How Kate Van Horn Turns 'Pain Into Purpose' Through Yoga

"I found that intentional movement was the most effective way to release."
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Kate Van Horn Turns Pain into Purpose through Yoga

After her experience with childhood sexual assault, Kate Van Horn's trauma manifested in severe anxiety at eight years old, leading to depression and anorexia as a teen. It was when she was in the midst of what she calls an "intense" three-month treatment for women's trauma and PTSD that she found yoga for the first time. Through the group, she started taking a class once a week and was immediately hooked

"I was interested in the connection between breath and body, and how much more mindful and present I felt on my mat," she tells Organic Authority. "Yoga felt like such a gift. It was peaceful, and comforting in a time when I really needed it."

Through her own healing journey, Van Horn created a toolbox of self-care practices to help free herself from judgment, eat nutritious foods intuitively, and overcome obstacles. This new foundation led her to develop (in)BODY Class, an immersive movement class developed to release the physical and emotional tension that we hold in our bodies.

"Turning pain into purpose felt like the most proactive way to continue to live with my past," she says. "It helped me to feel empowered by my story rather than defined by it. I think because everyone holds unique experiences specific to them, it’s the source of our unique gifts and strengths."

What is (in)Body Class?

Van Horn's (in)Body Class includes traditional yoga along with spurts of cardio and Pilates-inspired strengthening poses. The format rotates three times between yoga, strength, and cardio. 

"The storytelling begins when we gather in a circle before taking to our mats. All the students face the inside of the room and using one to two words they answer the question 'What do you want to release today?' If the group is small, I will also ask where in the body that lives," Van Horn says, adding past examples have included, “I’m releasing judgment. It lives in my eyes.” Or, “I’m releasing shame, it lives in my hips.”

The voice is also used often in the class. "Whether allowing a scream out in a child’s pose after an intense burst of cardio or simply asking them to sing, using the voice is a powerful way to tell our stories and it doesn’t have to be literally speaking the events that happened to that day, week, or earlier in their lives," she says.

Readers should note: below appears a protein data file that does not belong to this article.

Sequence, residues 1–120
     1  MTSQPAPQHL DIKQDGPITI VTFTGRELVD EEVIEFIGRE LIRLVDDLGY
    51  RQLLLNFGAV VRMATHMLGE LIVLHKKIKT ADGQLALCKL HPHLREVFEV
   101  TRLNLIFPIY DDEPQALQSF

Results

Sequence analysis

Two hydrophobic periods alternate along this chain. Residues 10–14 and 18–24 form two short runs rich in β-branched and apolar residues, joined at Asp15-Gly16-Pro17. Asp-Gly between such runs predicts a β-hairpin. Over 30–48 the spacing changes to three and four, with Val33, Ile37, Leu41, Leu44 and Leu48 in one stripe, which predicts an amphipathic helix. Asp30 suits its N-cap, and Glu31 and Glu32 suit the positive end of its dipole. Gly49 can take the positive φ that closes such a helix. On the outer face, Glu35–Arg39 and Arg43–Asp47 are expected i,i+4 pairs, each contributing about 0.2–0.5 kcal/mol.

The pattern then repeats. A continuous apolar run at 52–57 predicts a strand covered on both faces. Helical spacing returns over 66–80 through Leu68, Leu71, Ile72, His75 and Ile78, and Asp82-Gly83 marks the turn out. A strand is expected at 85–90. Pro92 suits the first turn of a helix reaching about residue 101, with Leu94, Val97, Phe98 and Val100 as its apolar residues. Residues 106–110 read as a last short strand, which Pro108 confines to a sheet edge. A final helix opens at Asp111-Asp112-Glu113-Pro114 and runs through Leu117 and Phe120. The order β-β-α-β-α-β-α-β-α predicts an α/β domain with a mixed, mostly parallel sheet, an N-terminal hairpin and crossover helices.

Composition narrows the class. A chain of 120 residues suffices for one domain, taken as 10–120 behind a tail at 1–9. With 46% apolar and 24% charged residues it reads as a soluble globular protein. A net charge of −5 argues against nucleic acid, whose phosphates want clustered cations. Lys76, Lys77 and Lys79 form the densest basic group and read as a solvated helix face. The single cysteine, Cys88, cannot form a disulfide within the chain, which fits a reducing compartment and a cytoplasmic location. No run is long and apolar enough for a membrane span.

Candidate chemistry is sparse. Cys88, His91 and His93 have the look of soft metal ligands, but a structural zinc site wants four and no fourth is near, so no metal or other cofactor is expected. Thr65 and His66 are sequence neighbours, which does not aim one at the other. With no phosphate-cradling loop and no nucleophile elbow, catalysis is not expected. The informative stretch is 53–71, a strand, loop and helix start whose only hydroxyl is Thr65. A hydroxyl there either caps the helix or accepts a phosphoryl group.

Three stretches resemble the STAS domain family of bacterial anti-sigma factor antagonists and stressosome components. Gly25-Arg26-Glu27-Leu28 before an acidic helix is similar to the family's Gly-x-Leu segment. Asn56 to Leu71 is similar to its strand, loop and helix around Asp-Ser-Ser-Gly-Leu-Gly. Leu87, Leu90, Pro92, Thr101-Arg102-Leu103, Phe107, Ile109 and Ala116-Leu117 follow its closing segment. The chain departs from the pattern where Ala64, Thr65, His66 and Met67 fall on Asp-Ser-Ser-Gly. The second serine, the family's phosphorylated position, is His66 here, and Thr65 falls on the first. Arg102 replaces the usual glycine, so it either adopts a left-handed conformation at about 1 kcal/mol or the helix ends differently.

Students also share their stories with the closing connection practice. After savasana, the members of the class turn to find a partner and look into one another's eyes for the entirety of a song. "No words, advice, or judgment exchanged. Simply seeing the story and experience they just shared through the lens of the participant in front of them."

As for what beginners can expect from the class, Van Horn says first time members of the class may feel physically challenged but tend to feel equally supported and seen by the group, and "emotionally speaking, a breakthrough can occur. It can bring to the surface something they’ve been avoiding looking at for quite some time." 

Students often say they feel lighter after the class. "They’ve told me that it brought to light something they’ve been leaving in the dark for a while," Van Horn says. "They often say they feel more in their bodies than they have in years. That they found and felt their feet, meaning they felt grounded and supported, and that they felt seen by others but not intimidated, unlike previous yoga or fitness classes." 

How Kate Van Horn Turns 'Pain into Purpose' Through Yoga

Why Our Bodies Hold So Much Emotional and Mental Tension 

"So much of our experiences and reactions are learned. We hold onto patterns and behaviors that have been conditioned for years," says Van Horn. "I used to experience the smallest trigger that would remind my body what it had experienced in the past and immediately return to a fight or flight response and feeling 'on edge'."

That’s when she realized that the body can carry energy and wondered without the conscious release of it, how can we free ourselves of it? 

"I found that intentional (and sometimes intense) movement was the most effective way to release," she says. "Two minutes of breath work at the beginning of class is what I offer, and in just two minutes I (and clients) feel the energy buzzing, like a flush to the body and a system of new prana and less of the stagnancy that once lived in our heart spaces and limbs."

As her website puts it: "we go (in). to move through. and clear out." 

Why Wellness Requires Us to Listen to Our Bodies 

When it comes to her own wellness philosophy, Van Horn says it's vital for her to listen and honor her body. 

"Wellness looks different to me every single day, and that’s how I define that I’m getting it so-called 'right,'" says Van Horn. "Sometimes it’s pizza, a cocktail, and staying up late dancing with girlfriends. Other times it’s a massage and day of clean eating. I listen to what I need and truly listen. I think wellness looks and feels like permission to be whatever it needs to become. We’re all looking for permission to be ourselves and honor ourselves. If my wellness routine doesn’t feel like freedom, I reevaluate."

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